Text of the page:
MR. CROWLEY: They had an extensive meeting last night. I would assume that they would continue their contact, but I do not know if anything is scheduled at this point. I'm sorry, I'm sorry -- you're right -- they had about a 40-minute phone conversation last night, and I'm sure they will remain in regular contact. I just don't have anything to announce at this point in time.
Q P.J., the President mentioned yesterday, as you did today, that time is running out. It may be a marathon, but time is running out. Can you share with us any more of how you decide at what point you need to just get these guys in a room together, lock the doors for a couple of weeks, and get -- and make it happen?
MR. CROWLEY: Well, and again, we will consider that as a step when the time is right.
Q Going back to North Korea, are you going to announce the lifting of sanctions next week? And also, can you outline the sanctions? And also, was Agricultural Secretary Glickman's announcement today of sending over 50,000 tons of wheat a sign of further aid to North Korea?
MR. CROWLEY: I am not specifically familiar with what Agriculture has announced today. Usually those kinds of announcements are based on our work with the World Food Program, in terms of what is required on a humanitarian basis, in terms of the situation in North Korea.
We have said that we are prepared to -- let me go back -- the President made a decision last fall, in the aftermath of the North Korean decision to establish a missile moratorium that we would work towards an easing of sanctions. We indicated to the North Koreans, I think publicly at that time, that it would be a several-month process to rewrite the regulations to put -- to implement the President's decision. That work is ongoing, but is nearing completion, and we will have an announcement on that very soon in the form of a Federal Register publication.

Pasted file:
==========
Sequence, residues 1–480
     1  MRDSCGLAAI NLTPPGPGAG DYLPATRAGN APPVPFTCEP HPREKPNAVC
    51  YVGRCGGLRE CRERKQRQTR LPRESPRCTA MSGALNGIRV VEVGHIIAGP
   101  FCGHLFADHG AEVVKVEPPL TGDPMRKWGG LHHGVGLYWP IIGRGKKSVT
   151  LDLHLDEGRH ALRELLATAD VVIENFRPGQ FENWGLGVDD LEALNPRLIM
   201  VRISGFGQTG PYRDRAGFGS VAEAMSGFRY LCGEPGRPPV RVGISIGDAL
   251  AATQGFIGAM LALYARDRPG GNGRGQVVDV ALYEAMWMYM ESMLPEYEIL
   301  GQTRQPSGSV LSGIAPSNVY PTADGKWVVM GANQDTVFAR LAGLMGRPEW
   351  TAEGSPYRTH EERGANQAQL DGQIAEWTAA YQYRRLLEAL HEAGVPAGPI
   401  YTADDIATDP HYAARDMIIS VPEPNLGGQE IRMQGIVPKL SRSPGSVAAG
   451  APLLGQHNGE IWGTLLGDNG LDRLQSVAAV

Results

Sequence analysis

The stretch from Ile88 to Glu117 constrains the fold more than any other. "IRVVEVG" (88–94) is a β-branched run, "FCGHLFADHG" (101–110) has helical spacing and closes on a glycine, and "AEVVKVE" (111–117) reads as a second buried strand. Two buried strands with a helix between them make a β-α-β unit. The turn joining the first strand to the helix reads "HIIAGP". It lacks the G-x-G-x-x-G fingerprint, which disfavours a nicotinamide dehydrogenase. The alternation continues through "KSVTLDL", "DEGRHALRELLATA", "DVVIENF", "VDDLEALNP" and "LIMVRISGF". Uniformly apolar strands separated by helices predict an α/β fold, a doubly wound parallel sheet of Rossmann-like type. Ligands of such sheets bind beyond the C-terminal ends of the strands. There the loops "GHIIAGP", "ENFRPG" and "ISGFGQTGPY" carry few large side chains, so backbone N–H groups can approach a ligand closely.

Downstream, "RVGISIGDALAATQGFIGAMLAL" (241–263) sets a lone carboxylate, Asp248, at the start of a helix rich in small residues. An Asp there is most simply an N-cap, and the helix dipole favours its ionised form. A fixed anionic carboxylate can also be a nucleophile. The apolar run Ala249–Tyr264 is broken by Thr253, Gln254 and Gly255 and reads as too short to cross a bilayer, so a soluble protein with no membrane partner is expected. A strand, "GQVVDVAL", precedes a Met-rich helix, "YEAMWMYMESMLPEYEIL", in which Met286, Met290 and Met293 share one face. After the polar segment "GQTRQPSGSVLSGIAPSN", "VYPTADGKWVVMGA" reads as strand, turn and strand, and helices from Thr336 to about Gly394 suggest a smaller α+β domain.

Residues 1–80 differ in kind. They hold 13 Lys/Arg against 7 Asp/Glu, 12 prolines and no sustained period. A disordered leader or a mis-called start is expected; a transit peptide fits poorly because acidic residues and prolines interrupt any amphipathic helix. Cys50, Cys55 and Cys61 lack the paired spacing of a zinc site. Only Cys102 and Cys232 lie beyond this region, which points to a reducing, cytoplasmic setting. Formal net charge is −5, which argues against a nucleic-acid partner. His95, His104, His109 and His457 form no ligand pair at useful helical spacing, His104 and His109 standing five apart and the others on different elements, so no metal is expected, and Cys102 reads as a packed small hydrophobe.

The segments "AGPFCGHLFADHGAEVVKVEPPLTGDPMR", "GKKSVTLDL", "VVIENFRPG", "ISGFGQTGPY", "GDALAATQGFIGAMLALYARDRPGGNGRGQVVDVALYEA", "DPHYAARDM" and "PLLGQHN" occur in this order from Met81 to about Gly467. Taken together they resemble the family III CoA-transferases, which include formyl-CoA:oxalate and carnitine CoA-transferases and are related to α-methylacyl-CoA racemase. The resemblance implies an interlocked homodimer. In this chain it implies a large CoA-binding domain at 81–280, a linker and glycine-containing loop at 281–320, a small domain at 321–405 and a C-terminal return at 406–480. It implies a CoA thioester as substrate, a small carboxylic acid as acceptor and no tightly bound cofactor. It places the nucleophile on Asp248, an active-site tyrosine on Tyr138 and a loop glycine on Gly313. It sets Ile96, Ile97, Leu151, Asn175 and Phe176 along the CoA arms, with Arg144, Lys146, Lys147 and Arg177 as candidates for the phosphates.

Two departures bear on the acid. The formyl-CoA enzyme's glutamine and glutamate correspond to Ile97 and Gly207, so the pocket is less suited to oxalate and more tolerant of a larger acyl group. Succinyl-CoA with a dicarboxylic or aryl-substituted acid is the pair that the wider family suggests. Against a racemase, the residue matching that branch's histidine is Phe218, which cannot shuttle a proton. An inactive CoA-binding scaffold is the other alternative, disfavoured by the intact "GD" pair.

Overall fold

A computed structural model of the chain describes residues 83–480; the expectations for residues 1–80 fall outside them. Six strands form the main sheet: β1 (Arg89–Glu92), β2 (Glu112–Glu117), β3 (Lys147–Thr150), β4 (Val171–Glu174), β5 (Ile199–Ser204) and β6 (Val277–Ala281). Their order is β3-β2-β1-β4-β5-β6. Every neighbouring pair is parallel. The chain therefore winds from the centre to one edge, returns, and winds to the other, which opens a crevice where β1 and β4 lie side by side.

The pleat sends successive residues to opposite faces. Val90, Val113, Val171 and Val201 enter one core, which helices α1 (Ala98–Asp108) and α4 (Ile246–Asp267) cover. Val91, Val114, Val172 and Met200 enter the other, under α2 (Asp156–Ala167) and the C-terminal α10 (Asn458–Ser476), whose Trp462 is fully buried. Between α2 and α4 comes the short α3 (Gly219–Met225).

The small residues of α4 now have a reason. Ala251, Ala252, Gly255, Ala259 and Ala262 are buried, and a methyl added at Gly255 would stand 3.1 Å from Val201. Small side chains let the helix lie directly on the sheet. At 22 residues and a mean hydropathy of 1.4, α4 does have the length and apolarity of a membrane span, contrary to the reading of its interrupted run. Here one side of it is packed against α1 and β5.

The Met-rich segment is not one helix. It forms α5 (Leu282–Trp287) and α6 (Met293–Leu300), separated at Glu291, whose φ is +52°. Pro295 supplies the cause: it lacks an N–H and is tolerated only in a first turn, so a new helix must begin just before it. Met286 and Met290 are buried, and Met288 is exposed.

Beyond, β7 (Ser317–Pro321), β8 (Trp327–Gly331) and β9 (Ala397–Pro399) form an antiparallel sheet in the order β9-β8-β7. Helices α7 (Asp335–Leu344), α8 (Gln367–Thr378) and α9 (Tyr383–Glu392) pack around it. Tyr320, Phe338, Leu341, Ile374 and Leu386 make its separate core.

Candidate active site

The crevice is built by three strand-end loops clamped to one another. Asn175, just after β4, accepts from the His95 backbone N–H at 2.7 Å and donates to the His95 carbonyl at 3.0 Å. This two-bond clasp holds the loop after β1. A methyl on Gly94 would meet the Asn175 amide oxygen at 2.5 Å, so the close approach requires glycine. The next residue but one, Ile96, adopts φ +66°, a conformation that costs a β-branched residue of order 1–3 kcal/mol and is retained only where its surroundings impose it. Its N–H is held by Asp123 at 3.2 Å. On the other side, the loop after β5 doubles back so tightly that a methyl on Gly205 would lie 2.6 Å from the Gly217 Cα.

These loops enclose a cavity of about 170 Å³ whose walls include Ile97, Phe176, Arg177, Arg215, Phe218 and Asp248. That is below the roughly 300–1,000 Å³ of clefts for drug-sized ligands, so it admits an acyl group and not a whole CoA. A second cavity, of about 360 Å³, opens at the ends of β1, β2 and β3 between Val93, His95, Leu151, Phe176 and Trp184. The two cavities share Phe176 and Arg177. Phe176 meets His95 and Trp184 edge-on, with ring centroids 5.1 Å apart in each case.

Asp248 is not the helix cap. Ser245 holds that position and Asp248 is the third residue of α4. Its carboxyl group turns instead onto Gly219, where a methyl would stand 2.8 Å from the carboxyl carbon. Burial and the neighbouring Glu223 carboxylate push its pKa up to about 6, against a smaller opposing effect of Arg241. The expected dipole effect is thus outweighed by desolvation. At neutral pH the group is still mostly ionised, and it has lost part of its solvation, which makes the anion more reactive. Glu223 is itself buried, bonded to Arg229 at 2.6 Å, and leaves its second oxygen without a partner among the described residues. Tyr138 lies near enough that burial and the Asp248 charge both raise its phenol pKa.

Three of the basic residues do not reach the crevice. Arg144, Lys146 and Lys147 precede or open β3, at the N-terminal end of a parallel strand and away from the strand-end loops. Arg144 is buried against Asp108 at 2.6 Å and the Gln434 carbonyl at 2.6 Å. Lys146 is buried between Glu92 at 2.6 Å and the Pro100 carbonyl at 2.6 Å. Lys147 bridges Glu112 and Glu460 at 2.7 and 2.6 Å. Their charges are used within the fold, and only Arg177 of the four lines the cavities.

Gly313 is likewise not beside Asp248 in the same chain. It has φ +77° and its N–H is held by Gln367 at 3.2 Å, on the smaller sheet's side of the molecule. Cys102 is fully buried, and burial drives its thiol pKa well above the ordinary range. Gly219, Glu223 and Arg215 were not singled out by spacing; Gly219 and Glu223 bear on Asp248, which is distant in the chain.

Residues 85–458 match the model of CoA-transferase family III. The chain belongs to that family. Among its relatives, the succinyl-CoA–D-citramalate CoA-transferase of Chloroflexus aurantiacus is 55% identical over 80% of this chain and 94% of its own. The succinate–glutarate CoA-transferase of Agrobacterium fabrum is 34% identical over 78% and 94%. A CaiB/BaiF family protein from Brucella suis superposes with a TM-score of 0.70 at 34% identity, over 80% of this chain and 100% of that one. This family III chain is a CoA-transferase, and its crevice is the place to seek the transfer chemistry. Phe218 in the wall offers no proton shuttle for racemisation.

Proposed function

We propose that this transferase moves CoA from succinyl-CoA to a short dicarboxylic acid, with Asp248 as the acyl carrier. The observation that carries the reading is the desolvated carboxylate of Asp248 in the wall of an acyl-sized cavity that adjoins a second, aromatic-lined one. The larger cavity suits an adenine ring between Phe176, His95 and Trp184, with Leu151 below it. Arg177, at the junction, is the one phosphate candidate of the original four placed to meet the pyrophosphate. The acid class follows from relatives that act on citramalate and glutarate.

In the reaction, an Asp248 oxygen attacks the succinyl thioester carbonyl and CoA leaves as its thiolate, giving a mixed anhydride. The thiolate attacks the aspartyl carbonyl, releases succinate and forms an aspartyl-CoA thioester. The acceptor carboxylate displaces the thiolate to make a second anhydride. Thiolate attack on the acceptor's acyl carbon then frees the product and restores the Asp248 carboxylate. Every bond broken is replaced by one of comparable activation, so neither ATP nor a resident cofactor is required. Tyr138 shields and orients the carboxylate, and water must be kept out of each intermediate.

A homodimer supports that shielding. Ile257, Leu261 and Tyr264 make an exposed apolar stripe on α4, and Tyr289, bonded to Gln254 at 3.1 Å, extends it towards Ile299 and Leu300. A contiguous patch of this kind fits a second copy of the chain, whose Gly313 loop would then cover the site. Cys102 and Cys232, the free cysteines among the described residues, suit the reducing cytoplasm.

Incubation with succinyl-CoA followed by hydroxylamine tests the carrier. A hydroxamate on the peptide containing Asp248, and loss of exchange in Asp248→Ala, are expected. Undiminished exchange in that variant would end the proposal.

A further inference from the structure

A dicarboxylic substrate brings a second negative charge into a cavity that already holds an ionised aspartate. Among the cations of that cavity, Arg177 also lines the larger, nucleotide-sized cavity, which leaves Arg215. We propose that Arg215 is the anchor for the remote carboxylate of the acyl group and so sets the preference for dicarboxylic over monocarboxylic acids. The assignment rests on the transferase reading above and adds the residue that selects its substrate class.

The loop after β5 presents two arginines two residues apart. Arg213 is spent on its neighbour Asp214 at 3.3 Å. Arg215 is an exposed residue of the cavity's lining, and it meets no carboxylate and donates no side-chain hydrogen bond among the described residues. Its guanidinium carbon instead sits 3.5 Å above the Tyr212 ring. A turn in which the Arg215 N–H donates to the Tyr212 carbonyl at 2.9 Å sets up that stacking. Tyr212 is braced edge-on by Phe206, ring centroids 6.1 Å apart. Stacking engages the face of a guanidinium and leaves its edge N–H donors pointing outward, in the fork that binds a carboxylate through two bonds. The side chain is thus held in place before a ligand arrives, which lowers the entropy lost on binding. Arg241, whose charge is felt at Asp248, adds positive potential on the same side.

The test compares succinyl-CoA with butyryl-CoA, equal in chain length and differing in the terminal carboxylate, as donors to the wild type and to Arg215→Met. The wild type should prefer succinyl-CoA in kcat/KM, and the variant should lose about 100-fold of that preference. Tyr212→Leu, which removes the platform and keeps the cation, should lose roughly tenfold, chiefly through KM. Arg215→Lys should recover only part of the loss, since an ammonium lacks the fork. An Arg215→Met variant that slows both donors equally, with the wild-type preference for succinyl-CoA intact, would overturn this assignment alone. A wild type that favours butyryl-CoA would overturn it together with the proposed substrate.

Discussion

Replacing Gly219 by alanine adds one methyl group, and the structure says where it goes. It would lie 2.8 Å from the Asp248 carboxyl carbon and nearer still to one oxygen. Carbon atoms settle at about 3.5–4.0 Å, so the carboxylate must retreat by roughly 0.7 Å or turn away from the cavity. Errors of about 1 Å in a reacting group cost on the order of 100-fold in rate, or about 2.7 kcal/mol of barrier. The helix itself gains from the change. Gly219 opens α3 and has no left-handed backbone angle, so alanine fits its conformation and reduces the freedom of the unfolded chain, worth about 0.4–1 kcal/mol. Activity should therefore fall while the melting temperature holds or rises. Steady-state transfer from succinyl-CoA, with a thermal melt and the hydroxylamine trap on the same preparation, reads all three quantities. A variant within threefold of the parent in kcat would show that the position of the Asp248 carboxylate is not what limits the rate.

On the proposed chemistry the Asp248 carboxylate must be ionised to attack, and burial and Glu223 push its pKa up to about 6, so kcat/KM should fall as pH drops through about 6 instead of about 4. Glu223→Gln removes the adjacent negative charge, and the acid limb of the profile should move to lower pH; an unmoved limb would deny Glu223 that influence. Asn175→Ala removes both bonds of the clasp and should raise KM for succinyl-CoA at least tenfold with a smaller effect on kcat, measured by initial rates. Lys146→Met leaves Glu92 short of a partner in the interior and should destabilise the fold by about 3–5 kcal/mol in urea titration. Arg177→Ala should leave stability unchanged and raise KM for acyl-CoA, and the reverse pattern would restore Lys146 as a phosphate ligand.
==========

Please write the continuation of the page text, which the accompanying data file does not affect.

Q So what will be announced will be based on what was talked about last fall?
MR. CROWLEY: What will be announced -- what will be published in the Federal Register in the coming days will be the implementation of a decision that the President took last fall.
Q So, P.J., the decision about the food aid should be viewed separately from whatever developments arose from the historic Koreas' summit, and it's strictly sort of a bureaucratic thing worked out --
MR. CROWLEY: These are things that are in train extensively over time based on the humanitarian situation in North Korea.
Q P.J., what can you tell us about the recommendation from the lawyers that you could proceed with missiles without violating the ABM Treaty?
MR. CROWLEY: We have not made any kind of determination as to when work on the ABM radar in Alaska would violate the ABM Treaty. We do not need to confront that issue at this time. The treaty, itself, does not provide a definition of what constitutes a so-called "breach," but it's prudent for us to examine what the possible interpretations of the ABM Treaty would be as we continue with our development effort. There are a range of interpretations available, but we have made no decision.
Q Is that what this letter was -- this was a discussion of the potential --
MR. CROWLEY: This is not a new issue. As we have worked towards the development of an NMD capability -- and I remind you that the President has not made any kind of decision on deployment and will not do so until he gets a recommendation during the summer from the Pentagon -- but we have, as -- and it remains our goal, first and foremost, to try to develop an NMD capability within the bounds of the ABM Treaty. We think we can do that while preserving the ABM Treaty. And that is the context by which we have had extensive discussions with the Russian government on this.